Changing course

I was working on the Sunday worship this morning on the computer in the sanctuary and I saw this picture of Russian President Putin with the words, “Moscow Officials Urge Putin to GTFO: Everything Went Wrong.” I was going to make a joke that GTFO must be Russian for something. If you do not know, let me save you the Googling: “Get The F-word Out”. I was a little shocked to see it on the Microsoft News web page. Probably no more shocked as you are to see it in my blog post. However, when the Lord inspires me with a word, I try to be obedient. I want to run with this idea of where things are headed and the willingness for course correction, specifically in the United Methodist Church. I realize many of you will pass on today’s post as it is not my standard offering.

It seems like everything has been going wrong with the United Methodist Church ever since I became a pastor, with nobody willing to course-correct. I do not think the two churches I have served would say they had a dry season while I was their pastor. On the other hand, if the UMC had a “Smokey Bear” fire danger sign, it has been on “Fire Danger: Extreme” due to the “UMC dry season” since I became a provisional elder in the UMC in 2010. From the time I began paying attention at the 2012 General Conference, it has seemed to me that those guiding the UMC have been taking the denomination further and further down the progressive path. I found it to be more subtle at first, and now the majority have pushed all their chips to the center of the table placing their bets on “cultural Christianity”. Conservative and centrist Bishops are retiring and undoubtedly more progressive ones will be chosen later this year to replace them. Understand, Bishops do not get votes, but they lead the conferences and many call on the right people at these meetings who can shut down conversations or who can make motions… and much of the time they know exactly who they are calling on and what they will say. Bishops also hold the power of enforcement of our covenant, and that is very selective enforcement for way too many of them. Every pastor who writes or speaks out stating such runs the risk of repercussions. I would be remiss if I did not add that my own WV Bishop and District Superintendent have been very gracious to not interfere or coerce me in my efforts to keep people informed of my views of how and where things are going. I hope that is because I try not to be inflammatory. That being said, I also have no doubt I am on their radar.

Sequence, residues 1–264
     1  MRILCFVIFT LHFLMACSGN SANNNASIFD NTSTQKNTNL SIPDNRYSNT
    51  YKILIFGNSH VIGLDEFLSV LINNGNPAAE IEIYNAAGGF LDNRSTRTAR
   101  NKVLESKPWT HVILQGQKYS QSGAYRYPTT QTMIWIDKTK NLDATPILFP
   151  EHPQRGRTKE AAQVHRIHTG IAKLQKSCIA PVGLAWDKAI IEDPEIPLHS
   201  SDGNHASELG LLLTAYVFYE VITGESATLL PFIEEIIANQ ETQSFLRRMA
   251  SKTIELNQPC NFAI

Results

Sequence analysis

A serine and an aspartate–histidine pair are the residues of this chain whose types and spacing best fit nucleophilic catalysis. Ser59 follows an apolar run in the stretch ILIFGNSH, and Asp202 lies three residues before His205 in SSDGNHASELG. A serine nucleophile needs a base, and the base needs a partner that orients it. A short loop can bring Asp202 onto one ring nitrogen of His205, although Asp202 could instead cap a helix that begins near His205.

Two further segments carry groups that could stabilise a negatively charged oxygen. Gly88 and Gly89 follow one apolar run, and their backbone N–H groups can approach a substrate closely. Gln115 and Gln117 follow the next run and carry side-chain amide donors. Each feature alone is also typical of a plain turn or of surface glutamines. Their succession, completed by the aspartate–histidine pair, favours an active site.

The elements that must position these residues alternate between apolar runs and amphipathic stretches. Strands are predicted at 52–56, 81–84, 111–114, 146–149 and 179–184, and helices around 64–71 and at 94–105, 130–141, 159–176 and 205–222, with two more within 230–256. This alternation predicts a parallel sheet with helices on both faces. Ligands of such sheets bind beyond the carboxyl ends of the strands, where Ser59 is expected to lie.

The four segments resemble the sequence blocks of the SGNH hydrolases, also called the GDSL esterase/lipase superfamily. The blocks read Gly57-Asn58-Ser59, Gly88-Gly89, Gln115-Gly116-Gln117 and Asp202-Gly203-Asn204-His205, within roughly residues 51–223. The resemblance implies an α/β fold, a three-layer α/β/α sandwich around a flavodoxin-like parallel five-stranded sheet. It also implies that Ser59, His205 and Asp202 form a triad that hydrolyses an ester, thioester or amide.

I also acknowledge that, even as the UMC lurches forward casting their lot with a lost society, much of the official doctrine of the UMC will likely never change. The Virgin birth, Jesus is the Son of God, the resurrection, salvation through Christ alone… those official beliefs are not going anywhere. However, there will also be more acceptance under the “big tent” for those who oppose those, and other, foundational tenets of the faith. In the name of inclusivity, the UMC leadership says not only will they have a place for the most liberal theologies, they will also have a place for traditionalists who believe wholeheartedly in the official historic doctrines of the UMC. The question for both progressives and traditionalists is whether they are willing to tolerate the antithetical views. Are progressives willing to allow, and be associated with, the “-isms” of traditionalists? Are traditionalists willing to do the same for what they see as the “live and let live” theology of non-traditionalists? The other question, primarily for traditionalists is, do we believe them when they tell us there is room for us?

In “The Case for Christianity”, C.S. Lewis wrote, “We all want progress. But progress means getting nearer to the place where you want to be. And if you have taken a wrong turning then to go forward does not get you any nearer. If you are on the wrong road progress means doing an about-turn and walking back to the right road and in that case the man who turns back soonest is the most progressive man. There is nothing progressive about being pig-headed and refusing to admit a mistake. And I think if you look at the present state of the world it’s pretty plain that humanity has been making some big mistake. We’re on the wrong road. And if that is so we must go back. Going back is the quickest way on.”

Many traditional, UMC doctrine supporting pastors and churches have to decide if The United Methodist Church is “going nearer to the place they want to be.” I do not think progressives have any question. With or without the blessing of General Conference (the only group that sets doctrine for the church), progressives know where the UMC train is going and it is where progressives want to be. I think most traditionalists would say it is not. For the ones who would like to “do an about turn” and “walk back to (what they view as) the right road”, the problem becomes, “How do we best get off?”

I’m on this train, I can’t slow down, and the
Brakes are gone and I’m running out
Of reasons to even try to stop me now
And it seems to me no matter where I turn
I fall off these tracks and I get burned
But someday, I’m gonna finally make it home

On This Train (Zac Brown Band)

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1 Response to Changing course

  1. Pingback: UM Fallout: A Compendium – People Need Jesus

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